I’m standing to be an MEP because only our party can unite the country behind a new referendum

European Elections 2019: meet the candidates in this month’s fractious EU parliament vote

Eloise Todd
Friday 17 May 2019 12:30
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Keir Starmer confirms Labour will vote against Brexit legislation without cross-party deal

I was born and bred in east Yorkshire, and have always been Labour through and through. I’ve put myself forward as a candidate for Labour in Yorkshire and the Humber because I want Europe and Britain to provide opportunity for all working people, whatever their background.

My introduction to political activism was in the struggle against climate change, and I am proud that Labour under Jeremy Corbyn has become the party of radical economic change built on a Green New Deal.

On Brexit, I have spent the last two and a half years campaigning for a public vote and to stay in the EU. It’s clear now that the Brexit the nation was sold is a fantasy. Labour’s talks with the government have been going round in circles, so it is right that we have pulled the plug. We now need to make sure the people get to decide what happens next.

Labour is the only party that can deliver us a public vote on Brexit, and the only campaigning force that can win such a vote to stop the right-wing, race-to-the-bottom Brexit.

In these elections, Labour is trying to do something no other party is even attempting to do – build a political space open for all communities, whether they voted Leave or Remain. It’s a tough line to walk, but the right one – and while the Brexit clock is ticking, we need to be crystal clear with voters that our destination is a public vote on the Brexit deal.

On the doorstep, most people want a way out of the current mess, to get over the divisions in our country, and to crack on with the crucial issues that have been put on hold since 2016. Handled well, the very process of giving people the final say could be an essential part of bringing our country back together.

As well as the example of the confirmatory vote on the Good Friday Agreement, we can learn lessons from the peaceful and constructive Irish referendums on equal marriage and abortion. Town hall discussions were at the heart of the Irish approach, much like the citizens’ assemblies promoted by Lisa Nandy.

A Final Say referendum is just one step though: until we tackle the root causes of inequality, particularly between London and regions like Yorkshire and the Humber, we won’t be able to heal our divided communities, torn apart after decades blighted by Thatcherite neglect and austerity.

Labour’s radical programme to improve workers’ rights and to tackle climate change offers high quality jobs and a brighter future for our communities, as well as clean air and hope. Brexit is a distraction from these policies, and if carried out would mean 10 more years of trade deals, negotiations and new, less favourable relationships.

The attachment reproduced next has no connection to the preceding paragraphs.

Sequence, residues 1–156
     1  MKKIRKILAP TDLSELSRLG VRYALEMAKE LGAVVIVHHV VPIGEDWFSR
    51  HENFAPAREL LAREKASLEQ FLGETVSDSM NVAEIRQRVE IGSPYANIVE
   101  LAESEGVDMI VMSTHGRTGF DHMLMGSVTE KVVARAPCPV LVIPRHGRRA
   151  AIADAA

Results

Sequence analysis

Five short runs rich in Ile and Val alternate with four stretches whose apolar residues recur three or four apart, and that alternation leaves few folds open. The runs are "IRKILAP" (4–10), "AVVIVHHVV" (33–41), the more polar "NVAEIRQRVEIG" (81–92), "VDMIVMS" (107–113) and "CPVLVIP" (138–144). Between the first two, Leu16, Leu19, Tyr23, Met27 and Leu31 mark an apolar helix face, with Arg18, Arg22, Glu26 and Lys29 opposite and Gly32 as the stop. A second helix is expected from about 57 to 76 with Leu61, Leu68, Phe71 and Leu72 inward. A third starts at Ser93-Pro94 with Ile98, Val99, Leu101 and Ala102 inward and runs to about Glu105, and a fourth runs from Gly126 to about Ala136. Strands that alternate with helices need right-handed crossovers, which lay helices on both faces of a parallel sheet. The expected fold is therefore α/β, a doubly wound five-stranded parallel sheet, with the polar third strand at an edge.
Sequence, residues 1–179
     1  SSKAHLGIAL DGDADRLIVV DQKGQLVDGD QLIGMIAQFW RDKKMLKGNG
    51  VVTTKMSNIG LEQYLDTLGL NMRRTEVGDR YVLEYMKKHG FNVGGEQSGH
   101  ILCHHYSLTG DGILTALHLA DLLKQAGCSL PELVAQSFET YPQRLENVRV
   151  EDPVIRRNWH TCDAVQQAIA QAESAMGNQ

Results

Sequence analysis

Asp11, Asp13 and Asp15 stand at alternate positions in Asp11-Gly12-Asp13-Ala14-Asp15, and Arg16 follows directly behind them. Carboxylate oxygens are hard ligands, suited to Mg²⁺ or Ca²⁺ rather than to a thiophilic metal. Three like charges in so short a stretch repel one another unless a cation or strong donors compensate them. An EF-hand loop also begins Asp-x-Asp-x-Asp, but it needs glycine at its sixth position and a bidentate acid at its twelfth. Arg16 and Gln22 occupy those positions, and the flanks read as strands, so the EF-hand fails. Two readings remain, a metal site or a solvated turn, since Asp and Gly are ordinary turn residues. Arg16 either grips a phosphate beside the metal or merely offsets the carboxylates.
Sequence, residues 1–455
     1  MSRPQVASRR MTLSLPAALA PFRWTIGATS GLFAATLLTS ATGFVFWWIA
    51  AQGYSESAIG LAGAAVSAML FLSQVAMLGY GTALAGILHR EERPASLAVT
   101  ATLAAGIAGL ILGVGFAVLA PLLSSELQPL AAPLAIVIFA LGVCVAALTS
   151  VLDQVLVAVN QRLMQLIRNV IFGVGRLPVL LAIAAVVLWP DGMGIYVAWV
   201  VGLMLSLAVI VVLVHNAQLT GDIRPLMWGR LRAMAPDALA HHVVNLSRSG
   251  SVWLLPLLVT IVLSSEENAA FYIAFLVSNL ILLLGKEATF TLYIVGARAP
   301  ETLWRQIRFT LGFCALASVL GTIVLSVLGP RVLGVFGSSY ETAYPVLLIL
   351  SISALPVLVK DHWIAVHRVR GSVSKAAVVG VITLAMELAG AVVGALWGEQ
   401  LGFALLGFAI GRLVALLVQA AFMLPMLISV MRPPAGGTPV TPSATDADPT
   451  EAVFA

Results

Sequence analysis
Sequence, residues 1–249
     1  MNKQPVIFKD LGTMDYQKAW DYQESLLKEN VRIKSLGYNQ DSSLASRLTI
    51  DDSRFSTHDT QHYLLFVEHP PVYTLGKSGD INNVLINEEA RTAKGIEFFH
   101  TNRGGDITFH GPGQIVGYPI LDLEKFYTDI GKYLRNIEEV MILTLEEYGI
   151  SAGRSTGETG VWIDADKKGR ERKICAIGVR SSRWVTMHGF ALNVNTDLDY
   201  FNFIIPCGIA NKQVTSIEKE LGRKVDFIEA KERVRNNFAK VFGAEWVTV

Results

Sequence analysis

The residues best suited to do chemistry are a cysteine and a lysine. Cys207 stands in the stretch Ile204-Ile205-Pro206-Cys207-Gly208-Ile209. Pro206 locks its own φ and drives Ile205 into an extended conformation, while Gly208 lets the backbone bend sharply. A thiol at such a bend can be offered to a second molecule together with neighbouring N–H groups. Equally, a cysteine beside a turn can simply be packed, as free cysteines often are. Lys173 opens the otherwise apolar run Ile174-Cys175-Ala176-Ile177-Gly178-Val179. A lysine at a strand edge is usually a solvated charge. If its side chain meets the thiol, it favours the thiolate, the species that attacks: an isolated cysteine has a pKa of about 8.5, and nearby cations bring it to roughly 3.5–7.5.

That’s why it was so crucial that we stop the talks, and equally crucial that we now go on to campaign for a confirmatory vote, and fight to deliver our bold agenda at home and across the EU. To anyone that says this is not the Labour position, I say this: Labour has voted down Tory Brexit four times in parliament and has whipped in favour of a public vote on any deal twice.

If I’m fortunate enough to be elected to serve Yorkshire and the Humber, I will fight at every turn for every single piece of funding, investment opportunity, and for change that will hasten our transition to high quality jobs, renewable energy and a give a green economic boost for the communities that need it most.

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Finally, the rise of the far right is not just taking place in Hungary, Poland and Italy. It is happening right here too. Hope not Hate says that if young people don’t turn out to vote, then there is a very real chance that “Tommy Robinson” could become an MEP in the North West, and here in Yorkshire the rise of Farage’s Brexit Party is bringing a Trump-like populism that threatens to worsen, not heal, the divisions in our country. Only Labour can keep the migrant-bashing far right at bay.

If we do well on 23 May, there is also a good chance that the European Socialists will end up the biggest party in the European parliament, meaning a progressive majority fighting for democratic reform, action on climate change and a Europe-wide living wage. It is all to play for in the European elections with a week to go.

Eloise Todd is a Labour MEP candidate in Yorkshire and the Humber

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